Everything I did I was following something I really cared about, something I loved, something I was passionate about. And I kept following that passion, whether it was cars, whether it was anthropology, whether it was art, photography. And eventually it led me to my huge passion, my real passion, which was making movies, which combined all of those things.
And I realized that had I gone on to get my degree in Anthropology I would have probably made anthropological movies in New Guinea or someplace and eventually been on National Geographic and, you know, The History Channel, and then making features and I had done Star Wars just the same. If I’d have gone to arts center, and become an illustrator, I would have probably started doing animation and doing animated films and making animated things, and then ultimately I would have gone on and been right where I was.
So, no matter which route I took, because I cared about all of them, they all led to the same place. Had I done what my father had wished me to do, which is to go into the office equipment business with him, which I knew I wasn’t going to do, I knew I hated that, my life would have been unpleasant. And, so I think it’s very important not to do what your peers think you should do, not do what your parents think you should do, or your teachers, but to do what you inside or even your culture thinks, but do what’s inside you.
Be Honest With Yourself
Interviewer: Then what’s your advice to these small business founders today?
Work hard, you’re going to need some luck, but the harder you work the luckier you get. And if it doesn’t work out, that’s not the end of the world. I just don’t have anything in common with people that sit there and say, oh, my God, it was terrible, so, it’s water over the dam, under the bridge, get on with it and start another business the next day or another career.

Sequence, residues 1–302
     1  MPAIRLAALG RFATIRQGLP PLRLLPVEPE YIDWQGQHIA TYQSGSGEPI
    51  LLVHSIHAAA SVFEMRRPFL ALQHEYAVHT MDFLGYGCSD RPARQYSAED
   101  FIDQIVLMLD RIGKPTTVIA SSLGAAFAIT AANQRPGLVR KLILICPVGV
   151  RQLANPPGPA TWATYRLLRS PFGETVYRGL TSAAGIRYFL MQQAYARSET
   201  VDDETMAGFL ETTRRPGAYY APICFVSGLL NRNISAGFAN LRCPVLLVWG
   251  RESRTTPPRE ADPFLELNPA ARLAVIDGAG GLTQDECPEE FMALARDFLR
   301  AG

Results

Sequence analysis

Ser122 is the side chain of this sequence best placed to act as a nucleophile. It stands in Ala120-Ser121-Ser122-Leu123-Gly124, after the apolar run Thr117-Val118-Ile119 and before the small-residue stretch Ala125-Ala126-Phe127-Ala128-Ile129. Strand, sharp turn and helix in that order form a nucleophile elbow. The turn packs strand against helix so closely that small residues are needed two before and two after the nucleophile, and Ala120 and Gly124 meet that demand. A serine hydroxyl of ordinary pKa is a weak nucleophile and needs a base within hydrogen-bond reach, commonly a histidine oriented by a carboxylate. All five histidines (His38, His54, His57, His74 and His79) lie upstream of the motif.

And be honest, look in a mirror and say, why didn’t it work out? Well, it wasn’t the skill set, or it wasn’t, I didn’t have the temperament for it, or I was in the wrong place, wrong time, maybe I can afford to do it again, maybe I can’t. But, people aren’t honest with themselves. What I’ve always done is I’ve taken a yellow pad, I draw a line down the middle, write out the pros on one side, the cons on another, in the sense that if I let you see it you wouldn’t laugh at me.
And, then when I get done, I just rip it up and throw it away because I’ve worked out in my mind what is real and what isn’t and what I can present to people and what I can’t.
Interviewer: I mean, what made you single handedly decide to replenish America’s bison herd?
Save everything. Remember, I’m supposed to be shooting for something that’s impossible to have happen in my lifetime.
Interviewer: And he has done the impossible. Many times, like the 1979 Fastnet Race off the coast of England. A massive storm whipped up winds and waves that left 15 sailors dead. To this day, it’s considered the most dangerous ocean race, ever, and Ted didn’t just survive, he won. And that’s where we started our conversation about his amazing life. Was there ever a moment that you thought you wouldn’t make it?
No, but I didn’t spend a whole lot of time thinking about not making it. I was trying to figure out how to keep going.
Interviewer: Where you afraid?
Interviewer: Did you ever think of not going through with the race? Was it ever-?
Dropping out? Hahaha, no way. That would have been like dropping out with CNN.
My goal is to simplify complexity. I just want to build stuff that really simplifies our base human interaction. Twitter was around communication and visualizing what was happening in the world in realtime.
Square was allowing everyone to accept the form of payment that people have in their pocket today, which is a credit card. So, we’ve built the simplest way to accept credit cards and it’s just this little, tiny device that we give away for free, and you just download some software from the app store and you plug it in to your mobile phone or your iPad. Then, suddenly, you can take credit cards, so if you’re a tax accountant, or a lawyer, or a doctor, or even a hair stylist, you can now accept credit cards.
Thank you guys so much for watching! I’d love to know, what did you think? Did you enjoy this video, did you take something from it? What was your favorite point, do you want to see the series continue or not since this is a brand new test for me. Let me know, leave it down in the comments below.
Thank you guys so much for watching, I believe in you. I hope you continue to believe in yourself, and whatever your one word is, much love. I’ll see you soon.